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Elstel Farm & Seeds

"The Crabgrass Seed Folks" R. L. & Pat Dalrymple Office: 2640 Springdale Road Farm: 24275 East 910 Road Ardmore, OK 73401 Thomas, OK 73669 Phones & Faxes: 580-223-8782 580-661-3997 E-Mail: [email protected] Web.redrivercrabgrass.com R. L.'s Cell Phone: 580-670-0043 ( Often the Best )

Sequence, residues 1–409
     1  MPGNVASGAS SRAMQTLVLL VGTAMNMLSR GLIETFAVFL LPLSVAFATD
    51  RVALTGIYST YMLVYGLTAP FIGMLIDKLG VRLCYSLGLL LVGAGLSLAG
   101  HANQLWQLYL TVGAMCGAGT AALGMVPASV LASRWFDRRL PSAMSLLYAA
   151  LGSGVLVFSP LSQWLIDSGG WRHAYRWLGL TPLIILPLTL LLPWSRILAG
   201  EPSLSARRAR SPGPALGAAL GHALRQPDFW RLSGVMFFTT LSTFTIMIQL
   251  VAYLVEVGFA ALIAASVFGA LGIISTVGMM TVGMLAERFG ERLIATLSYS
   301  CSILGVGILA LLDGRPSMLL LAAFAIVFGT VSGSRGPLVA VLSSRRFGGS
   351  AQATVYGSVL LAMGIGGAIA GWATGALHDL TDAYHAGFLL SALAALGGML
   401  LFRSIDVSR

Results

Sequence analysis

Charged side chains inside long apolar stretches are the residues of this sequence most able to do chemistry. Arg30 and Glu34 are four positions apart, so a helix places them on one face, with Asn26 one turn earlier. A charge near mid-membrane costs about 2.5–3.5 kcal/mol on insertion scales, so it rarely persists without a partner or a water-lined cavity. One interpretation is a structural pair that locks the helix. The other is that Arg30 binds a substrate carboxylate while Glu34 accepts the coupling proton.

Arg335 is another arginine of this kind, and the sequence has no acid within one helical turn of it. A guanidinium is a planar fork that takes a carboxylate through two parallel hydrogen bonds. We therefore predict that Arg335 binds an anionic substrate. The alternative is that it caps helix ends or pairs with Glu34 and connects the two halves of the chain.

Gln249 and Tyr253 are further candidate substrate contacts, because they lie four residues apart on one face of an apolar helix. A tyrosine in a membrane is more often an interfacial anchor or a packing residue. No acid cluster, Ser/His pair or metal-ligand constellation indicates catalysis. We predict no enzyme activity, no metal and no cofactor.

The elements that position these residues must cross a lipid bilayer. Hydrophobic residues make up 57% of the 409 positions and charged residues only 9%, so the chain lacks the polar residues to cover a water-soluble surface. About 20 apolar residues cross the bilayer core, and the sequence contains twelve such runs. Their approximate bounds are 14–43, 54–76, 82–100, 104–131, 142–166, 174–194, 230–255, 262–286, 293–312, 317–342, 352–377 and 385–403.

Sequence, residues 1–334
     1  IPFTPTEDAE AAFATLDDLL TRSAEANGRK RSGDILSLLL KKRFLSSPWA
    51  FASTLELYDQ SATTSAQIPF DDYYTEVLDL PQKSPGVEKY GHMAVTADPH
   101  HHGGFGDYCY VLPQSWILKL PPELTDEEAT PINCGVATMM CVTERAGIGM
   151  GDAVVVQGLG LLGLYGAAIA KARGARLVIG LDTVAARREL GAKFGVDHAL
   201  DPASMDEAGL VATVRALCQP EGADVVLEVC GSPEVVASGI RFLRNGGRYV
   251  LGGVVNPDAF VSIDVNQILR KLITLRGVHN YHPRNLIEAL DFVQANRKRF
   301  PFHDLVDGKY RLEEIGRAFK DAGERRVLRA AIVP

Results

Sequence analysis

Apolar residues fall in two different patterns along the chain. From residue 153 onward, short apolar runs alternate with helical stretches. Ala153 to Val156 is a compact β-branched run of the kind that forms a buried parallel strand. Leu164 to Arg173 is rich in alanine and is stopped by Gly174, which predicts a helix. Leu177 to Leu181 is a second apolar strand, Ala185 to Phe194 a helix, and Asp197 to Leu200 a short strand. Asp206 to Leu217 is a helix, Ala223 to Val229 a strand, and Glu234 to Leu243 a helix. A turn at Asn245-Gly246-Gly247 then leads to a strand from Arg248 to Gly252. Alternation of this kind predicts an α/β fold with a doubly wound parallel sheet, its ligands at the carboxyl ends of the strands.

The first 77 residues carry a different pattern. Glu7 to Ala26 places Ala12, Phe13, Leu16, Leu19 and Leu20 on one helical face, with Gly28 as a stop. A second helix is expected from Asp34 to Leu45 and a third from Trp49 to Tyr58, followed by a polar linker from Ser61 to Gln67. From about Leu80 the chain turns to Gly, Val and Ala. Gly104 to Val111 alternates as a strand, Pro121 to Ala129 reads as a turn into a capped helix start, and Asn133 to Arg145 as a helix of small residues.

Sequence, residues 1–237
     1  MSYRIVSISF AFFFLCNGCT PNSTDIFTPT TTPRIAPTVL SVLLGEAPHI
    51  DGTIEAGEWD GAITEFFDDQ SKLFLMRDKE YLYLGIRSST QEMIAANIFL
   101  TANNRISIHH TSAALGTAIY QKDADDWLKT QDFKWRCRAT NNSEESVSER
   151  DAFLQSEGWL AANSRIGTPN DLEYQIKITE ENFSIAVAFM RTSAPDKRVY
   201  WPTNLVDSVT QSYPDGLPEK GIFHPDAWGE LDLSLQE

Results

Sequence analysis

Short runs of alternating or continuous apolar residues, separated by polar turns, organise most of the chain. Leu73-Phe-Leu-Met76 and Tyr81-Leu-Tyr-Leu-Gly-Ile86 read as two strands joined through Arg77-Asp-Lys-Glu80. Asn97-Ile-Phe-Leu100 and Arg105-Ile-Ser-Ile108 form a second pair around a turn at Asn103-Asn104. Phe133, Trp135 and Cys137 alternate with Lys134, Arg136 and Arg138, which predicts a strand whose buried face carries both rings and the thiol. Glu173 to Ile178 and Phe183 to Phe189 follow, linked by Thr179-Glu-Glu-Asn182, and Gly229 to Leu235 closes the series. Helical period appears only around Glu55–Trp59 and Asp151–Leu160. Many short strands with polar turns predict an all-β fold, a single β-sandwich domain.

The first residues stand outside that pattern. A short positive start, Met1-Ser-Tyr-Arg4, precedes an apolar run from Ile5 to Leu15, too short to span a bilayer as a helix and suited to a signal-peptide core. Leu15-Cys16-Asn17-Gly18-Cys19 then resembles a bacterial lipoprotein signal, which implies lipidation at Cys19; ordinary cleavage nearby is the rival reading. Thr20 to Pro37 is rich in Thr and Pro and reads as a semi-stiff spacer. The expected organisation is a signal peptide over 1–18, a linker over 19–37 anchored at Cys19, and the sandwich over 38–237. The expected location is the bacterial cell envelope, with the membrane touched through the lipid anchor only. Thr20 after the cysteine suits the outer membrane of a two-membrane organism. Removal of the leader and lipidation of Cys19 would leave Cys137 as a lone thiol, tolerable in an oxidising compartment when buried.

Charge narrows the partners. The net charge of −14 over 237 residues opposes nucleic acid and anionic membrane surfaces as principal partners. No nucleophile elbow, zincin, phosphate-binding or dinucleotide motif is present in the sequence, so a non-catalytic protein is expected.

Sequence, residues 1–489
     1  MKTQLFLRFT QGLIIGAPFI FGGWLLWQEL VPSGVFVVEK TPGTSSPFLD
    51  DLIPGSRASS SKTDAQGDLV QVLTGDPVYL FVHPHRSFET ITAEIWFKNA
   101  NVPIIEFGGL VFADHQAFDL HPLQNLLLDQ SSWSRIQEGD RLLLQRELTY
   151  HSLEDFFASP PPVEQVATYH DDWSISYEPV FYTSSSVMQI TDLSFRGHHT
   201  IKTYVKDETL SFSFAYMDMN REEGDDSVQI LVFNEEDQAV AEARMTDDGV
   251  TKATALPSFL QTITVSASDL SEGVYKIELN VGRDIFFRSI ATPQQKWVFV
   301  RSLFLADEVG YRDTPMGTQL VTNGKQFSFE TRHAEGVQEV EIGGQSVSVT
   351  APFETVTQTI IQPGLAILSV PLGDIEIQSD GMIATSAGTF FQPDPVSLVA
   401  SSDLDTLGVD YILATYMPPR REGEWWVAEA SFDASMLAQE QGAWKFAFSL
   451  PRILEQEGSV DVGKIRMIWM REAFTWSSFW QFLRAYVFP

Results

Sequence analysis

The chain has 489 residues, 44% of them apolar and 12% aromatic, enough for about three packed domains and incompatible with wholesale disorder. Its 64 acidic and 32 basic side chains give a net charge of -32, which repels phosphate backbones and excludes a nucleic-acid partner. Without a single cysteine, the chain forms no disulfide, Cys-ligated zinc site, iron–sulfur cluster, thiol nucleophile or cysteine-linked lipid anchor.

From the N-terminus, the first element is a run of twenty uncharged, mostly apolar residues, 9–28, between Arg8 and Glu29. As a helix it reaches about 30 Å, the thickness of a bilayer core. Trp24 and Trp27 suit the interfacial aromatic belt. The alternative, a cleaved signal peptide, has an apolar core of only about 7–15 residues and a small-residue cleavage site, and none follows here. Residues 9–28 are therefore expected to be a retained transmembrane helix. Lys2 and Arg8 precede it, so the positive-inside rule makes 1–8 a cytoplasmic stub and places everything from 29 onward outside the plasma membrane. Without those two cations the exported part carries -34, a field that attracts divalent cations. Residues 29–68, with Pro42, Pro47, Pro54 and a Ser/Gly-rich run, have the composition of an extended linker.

Fact Sheet 2011: `Quick-N-Big®' Crabgrass Management "Pot-Shots".